Has there ever been a time when you have looked out across London’s skyscrapers and gridlocked roads, its concrete pavements and constant bustle of people, and imagined what it might have looked like before? Before the infrastructure, before man — a time when “London” was merely “land surrounding a river”, untamed and unkempt. What insects, what birds, what mammals might have thrived there?
For an idea, look to West Sussex. Just 50 miles south of the capital lies the 3,500-acre Knepp estate (kneppsafaris.co.uk). Once a site of intensive farming, today it is the location of one of the UK’s foremost rewilding projects: an expanse of land that has been “given back” to nature — with astonishing results.
The brainchild of Sir Charles Burrell, whose family has owned the estate for more than 200 years, and his wife Isabella Tree, the couple, pictured above, made the unprecedented decision to scrap their unprofitable farming business and give up control of their land to nature, embracing the ideas put forward by Dutch ecologist Dr Frans Vera in his book Grazing Ecology And Forest History.
At the heart of the Knepp project lies Vera’s theory of “grazing ecology”: the belief that grazing animals are fundamental to the creation and sustainment of complex, rich habitats. Through trampling or puddling, rootling or debarking of trees — even through seed dispersion, via dunging — the presence of grazing animals is believed to shape landscapes in such a way as to make them inhabitable for a wide range of other fauna, and flora, too.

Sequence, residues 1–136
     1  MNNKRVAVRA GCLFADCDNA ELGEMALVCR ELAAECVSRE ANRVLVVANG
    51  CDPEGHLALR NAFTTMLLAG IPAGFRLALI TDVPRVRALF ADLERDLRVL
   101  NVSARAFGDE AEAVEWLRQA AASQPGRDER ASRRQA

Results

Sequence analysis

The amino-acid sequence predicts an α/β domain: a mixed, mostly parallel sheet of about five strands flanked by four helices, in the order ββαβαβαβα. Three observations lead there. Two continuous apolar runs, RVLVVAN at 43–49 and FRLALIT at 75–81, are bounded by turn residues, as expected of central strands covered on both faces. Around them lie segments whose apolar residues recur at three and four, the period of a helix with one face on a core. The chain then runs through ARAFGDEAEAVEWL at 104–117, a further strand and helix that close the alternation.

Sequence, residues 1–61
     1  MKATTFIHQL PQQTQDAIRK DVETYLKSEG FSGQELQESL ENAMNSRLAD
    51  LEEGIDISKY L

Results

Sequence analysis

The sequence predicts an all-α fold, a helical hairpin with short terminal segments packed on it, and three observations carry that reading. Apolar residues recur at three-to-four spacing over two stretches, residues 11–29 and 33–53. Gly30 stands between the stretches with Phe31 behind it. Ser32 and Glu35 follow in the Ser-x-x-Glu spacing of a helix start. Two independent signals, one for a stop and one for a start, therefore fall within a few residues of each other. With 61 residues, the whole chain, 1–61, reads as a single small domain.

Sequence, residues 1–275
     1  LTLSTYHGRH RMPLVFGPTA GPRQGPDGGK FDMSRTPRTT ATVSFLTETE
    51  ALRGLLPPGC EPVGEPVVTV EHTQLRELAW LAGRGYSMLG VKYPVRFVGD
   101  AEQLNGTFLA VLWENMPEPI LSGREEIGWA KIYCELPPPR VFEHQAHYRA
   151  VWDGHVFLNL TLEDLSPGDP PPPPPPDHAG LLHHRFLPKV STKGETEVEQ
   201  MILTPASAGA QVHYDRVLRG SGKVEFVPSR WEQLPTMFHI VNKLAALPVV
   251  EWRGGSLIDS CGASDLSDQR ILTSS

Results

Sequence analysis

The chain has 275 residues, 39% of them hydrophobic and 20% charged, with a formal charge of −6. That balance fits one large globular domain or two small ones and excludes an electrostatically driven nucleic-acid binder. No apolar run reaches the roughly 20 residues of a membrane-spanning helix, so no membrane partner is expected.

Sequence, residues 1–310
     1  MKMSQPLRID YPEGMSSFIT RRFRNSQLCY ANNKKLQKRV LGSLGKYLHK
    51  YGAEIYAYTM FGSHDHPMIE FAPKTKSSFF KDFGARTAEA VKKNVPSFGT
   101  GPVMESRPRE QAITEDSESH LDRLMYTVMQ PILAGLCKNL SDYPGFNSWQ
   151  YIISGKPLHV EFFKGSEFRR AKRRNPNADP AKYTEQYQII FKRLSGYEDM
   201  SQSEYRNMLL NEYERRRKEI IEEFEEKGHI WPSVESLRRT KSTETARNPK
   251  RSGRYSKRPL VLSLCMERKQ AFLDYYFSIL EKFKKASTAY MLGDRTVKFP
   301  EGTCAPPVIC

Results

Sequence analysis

So, old English longhorn cattle, Exmoor ponies, Tamworth pigs and deer were introduced onto the Knepp estate; grazing animals to act as proxies for those wild cattle, ponies, boar and deer that would have roamed in ancient times.
In tandem with the restoration of natural water courses, and the abandonment of all land maintenance, the fields and hedgerows began to flourish and some special animals arrived.
That all started in 2001. Today, Knepp is a biodiverse haven, which all manner of species call home — the endangered nightingale and turtle dove, the peregrine falcon, red kite and house sparrow. Most impressive of all, is the estate’s population of purple emperor butterflies — the country’s largest.
What the Knepp project represents is an unconventional — yet successful — approach to conservation.
Protecting the kiwi
In New Zealand, charity Kiwis for kiwi, in association with Old Mout Cider, has created predator-free islands on which to nurture and protect the endangered kiwi. Like Knepp, it is an environment mimicking that which existed before the arrival of man; a time when New Zealand was inhabited almost exclusively by birds, and had no mammal predators at all. In the case of this project — and the one at Knepp — it’s about going back to nature to move forward.
Join Old Mout Cider in the fight to help save the kiwi by signing up to the campaign
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